Friday, December 13, 2013
By Edward D. Murphy firstname.lastname@example.org
(Continued from page 1)
Maine truck driver Leonard Garnett of Steuben talks with police at a Shediac, New Brunswick, processing plant after fishermen blocked his truck with the intention of leaving his load of lobsters to rot.
Greg Agnew / Moncton Times & Transcript
Garnett said some protesters started to put stickers on this truck, protesting the importation of Maine lobsters.
"We had a heated discussion over that," he said.
Garnett got even more upset when some protesters threatened to spray-paint his trailer and others opened its rear doors, exposing the lobsters to warm air before the Royal Canadian Mounted Police closed them.
Then the protesters tampered with one of his front tires, causing the police to call in a repair truck to fix the valve and fill the tire with air, which cost Garnett $151.
Finally, the protesters told Garnett that if he left the trailer and tons of lobsters, they would let him go. "I wasn't leaving it there," he said, pointing out that his insurance rates would rise.
Garnett said he was never really afraid that protesters might try to hurt him, although he was adamant about protecting his trailer.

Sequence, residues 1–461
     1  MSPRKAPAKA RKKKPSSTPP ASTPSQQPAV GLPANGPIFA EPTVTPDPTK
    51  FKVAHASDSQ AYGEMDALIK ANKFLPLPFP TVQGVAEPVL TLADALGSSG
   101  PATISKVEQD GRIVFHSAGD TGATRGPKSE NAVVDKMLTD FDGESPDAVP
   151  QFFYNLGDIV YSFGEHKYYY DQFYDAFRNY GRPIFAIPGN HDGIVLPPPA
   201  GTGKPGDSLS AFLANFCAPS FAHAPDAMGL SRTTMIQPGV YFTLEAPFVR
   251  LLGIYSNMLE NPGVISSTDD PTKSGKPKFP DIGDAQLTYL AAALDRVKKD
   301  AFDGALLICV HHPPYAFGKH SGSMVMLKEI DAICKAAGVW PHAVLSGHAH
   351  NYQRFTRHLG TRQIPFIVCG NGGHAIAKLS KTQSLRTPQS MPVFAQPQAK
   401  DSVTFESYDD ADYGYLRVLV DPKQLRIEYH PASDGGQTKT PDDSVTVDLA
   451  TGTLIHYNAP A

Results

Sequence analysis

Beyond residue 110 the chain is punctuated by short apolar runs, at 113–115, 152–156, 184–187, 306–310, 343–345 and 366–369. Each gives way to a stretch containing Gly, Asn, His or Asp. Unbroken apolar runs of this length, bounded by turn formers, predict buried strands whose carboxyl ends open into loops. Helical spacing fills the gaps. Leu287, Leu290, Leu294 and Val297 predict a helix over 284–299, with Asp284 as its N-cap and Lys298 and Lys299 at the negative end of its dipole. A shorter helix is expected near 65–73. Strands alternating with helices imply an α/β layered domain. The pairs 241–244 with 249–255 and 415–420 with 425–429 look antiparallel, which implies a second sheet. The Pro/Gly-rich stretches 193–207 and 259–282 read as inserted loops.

"I come from Down East Maine and I don't think I know enough to be scared," he said.
About a dozen of the protesters were causing most of the problems, Garnett said, and "as an overall group, they were very good people," including one protester who kept climbing next to his window, assuring him that things would be worked out.
Garnett said he sympathizes with the protesters, having seen the problems that low prices have caused for lobstermen in Maine.
"It's a no-win situation for either side," he said,
Police finally forced the protesters to give Garnett room to back up and leave. He said he took the lobsters to "an undisclosed location in Nova Scotia," where the load's owner -- who Garnett also declined to identify -- had found another buyer.
Garnett said he is looking forward to a couple of days off before his next job, which should be less eventful: hauling a load of frozen blueberries, inside Maine's borders.
Staff Writer Edward D. Murphy can be contacted at 791-6465 or at: